If England, then the world’s greatest military power in 1776, had won our Revolutionary War, our history books would read that the great American hero was not Benjamin Franklin, but his son William Franklin. Benjamin had put together our great French alliance. Without French aid, our victory over England was highly questionable.
Franklin, in his youth, fathered an illegitimate son William – the mother unknown. Father and son became inseparable. Sent to England, Benjamin represented Pennsylvania while William, after Colonial military training, became a British lawyer. William was appointed Royal Governor of the New Jersey while Benjamin remained in England.
When disputes arose between England and the Colonies over the imposition of taxes, Benjamin urged American loyalty and conciliation. Benjamin testified before Parliament that the Colonies would probably accept the proposed Stamp Act and recommended a friend for the Colonial Collector position. Away for years, Franklin failed to see the coming Colonial rebellion, until advised that his Philadelphia home was threatened by an angry mob. William, sensing the public attitude, took a bold step at conciliation by refusing to let the Stamp Tax Collector enter New Jersey, while he tried to convince England to drop the tax.
Benjamin became aware that the Royal Governor of Massachusetts had sent a personal letter to England providing the names of several Colonial rebels. Benjamin arranged to have the letter stolen and then sent the letter to his Colonial friends. It was discovered. Benjamin was brought up on charges, where the prosecutor stated, “You are not a man of letters, you are a man of stolen letters.” Threatened with arrest, Benjamin fled England to the Colonies. Benjamin then joined the American rebellion.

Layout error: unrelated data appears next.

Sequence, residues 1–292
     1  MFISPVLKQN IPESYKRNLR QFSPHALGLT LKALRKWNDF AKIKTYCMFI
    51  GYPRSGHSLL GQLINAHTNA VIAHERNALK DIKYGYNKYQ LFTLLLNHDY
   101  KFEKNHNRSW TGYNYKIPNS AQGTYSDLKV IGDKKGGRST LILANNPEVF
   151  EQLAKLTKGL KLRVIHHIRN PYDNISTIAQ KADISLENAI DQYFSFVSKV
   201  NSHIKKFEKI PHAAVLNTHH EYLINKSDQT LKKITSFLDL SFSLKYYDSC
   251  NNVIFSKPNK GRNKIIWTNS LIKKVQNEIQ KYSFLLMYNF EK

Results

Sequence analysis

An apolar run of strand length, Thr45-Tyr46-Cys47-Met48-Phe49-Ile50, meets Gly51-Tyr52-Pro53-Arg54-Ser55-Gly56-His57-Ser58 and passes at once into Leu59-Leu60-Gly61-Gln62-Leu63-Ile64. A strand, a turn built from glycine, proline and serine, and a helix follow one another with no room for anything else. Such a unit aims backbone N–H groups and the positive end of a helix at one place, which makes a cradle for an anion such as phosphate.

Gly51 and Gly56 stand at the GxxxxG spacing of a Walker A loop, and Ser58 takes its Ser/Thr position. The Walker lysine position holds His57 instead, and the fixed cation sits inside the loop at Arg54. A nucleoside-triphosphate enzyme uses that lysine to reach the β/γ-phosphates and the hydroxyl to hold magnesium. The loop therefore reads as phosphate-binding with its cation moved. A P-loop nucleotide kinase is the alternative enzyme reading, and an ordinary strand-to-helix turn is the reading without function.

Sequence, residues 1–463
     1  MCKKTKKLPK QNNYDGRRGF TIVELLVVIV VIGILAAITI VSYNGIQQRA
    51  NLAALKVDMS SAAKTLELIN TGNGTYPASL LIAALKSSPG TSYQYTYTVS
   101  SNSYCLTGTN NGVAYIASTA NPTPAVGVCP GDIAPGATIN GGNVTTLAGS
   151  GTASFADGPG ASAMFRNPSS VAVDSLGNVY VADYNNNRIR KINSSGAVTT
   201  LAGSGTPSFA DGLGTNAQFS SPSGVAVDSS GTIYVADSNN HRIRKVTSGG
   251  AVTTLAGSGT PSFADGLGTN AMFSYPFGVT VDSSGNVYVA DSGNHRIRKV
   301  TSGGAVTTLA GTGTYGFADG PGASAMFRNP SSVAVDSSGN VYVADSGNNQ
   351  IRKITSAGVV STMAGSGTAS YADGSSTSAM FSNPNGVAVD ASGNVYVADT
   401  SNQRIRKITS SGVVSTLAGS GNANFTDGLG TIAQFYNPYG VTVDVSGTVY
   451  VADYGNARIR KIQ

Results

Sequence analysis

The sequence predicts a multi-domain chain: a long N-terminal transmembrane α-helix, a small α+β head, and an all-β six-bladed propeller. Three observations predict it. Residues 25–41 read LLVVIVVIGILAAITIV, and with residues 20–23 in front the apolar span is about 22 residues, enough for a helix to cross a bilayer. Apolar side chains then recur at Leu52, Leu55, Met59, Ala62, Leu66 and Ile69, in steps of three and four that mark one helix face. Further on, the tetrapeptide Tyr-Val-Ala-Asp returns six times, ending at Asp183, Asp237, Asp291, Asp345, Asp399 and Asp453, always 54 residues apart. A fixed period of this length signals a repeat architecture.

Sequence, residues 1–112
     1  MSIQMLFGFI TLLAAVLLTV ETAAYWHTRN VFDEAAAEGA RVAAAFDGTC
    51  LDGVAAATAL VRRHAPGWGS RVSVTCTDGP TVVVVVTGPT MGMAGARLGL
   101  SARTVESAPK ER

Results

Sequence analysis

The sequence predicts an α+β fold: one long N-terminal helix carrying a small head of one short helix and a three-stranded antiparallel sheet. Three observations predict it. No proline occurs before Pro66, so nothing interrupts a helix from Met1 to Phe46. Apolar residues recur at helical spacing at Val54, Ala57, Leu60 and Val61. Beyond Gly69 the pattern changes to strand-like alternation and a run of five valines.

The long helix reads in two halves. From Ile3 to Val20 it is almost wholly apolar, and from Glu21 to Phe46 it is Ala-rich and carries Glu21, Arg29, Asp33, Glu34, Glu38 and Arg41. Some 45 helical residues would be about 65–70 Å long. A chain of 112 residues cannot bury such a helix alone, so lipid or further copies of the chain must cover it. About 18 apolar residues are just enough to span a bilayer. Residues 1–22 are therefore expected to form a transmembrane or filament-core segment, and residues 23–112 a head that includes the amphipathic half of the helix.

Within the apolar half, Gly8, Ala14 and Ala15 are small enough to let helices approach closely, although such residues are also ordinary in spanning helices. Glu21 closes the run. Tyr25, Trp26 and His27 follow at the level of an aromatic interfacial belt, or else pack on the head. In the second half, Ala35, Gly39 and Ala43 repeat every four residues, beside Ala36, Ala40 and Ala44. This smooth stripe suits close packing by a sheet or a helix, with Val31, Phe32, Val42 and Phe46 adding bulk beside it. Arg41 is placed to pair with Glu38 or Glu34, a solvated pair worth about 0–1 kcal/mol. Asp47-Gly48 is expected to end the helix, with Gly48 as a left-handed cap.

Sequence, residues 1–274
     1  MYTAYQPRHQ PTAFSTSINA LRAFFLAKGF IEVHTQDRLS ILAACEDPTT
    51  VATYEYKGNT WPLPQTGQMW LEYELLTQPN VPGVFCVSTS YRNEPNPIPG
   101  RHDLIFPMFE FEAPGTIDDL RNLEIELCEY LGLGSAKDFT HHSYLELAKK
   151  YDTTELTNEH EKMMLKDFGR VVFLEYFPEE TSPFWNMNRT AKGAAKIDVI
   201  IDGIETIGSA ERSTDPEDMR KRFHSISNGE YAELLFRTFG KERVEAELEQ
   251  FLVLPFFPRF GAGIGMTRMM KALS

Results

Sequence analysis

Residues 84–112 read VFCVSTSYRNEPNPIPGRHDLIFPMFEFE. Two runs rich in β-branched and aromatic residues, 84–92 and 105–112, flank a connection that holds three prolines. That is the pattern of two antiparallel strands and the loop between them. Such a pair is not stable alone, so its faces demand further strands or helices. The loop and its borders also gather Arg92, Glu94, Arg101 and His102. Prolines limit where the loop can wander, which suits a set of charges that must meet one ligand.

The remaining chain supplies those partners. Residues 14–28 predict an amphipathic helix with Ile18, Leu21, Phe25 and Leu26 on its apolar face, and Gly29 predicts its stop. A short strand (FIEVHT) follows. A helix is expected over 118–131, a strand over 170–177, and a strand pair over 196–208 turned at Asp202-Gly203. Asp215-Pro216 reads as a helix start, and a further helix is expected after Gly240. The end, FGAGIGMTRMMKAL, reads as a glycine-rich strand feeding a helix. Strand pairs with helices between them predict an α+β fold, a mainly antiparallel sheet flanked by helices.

Father and son argued for three days. Benjamin urged William to join in the American rebellion while William urged his father to remain loyal to England. William had great difficulty accepting his father’s theft of the letter. Neither side gave in. They parted – going in opposite directions. A Colonial poll revealed about 1/3 wanted war, 1/3 wanted loyalty to England and 1/3 were undecided.
William was arrested shortly thereafter as a Loyalist spy, put in solitary confinement and charged by the Continental Congress as being “the most dangerous man in America.” His beloved wife, in New Jersey, pined for him and died. Finally, near his death, William was released in exchange for the Governor of Delaware.
William recovered and using his military training, led loyalist troops in successful military assaults against the Colonial rebels. With the Revolutionary War victory, William fled to England where he became a hero for his loyalty and courage. To his death, William believed he did the right thing. Benjamin never forgave William and cut him out of his will.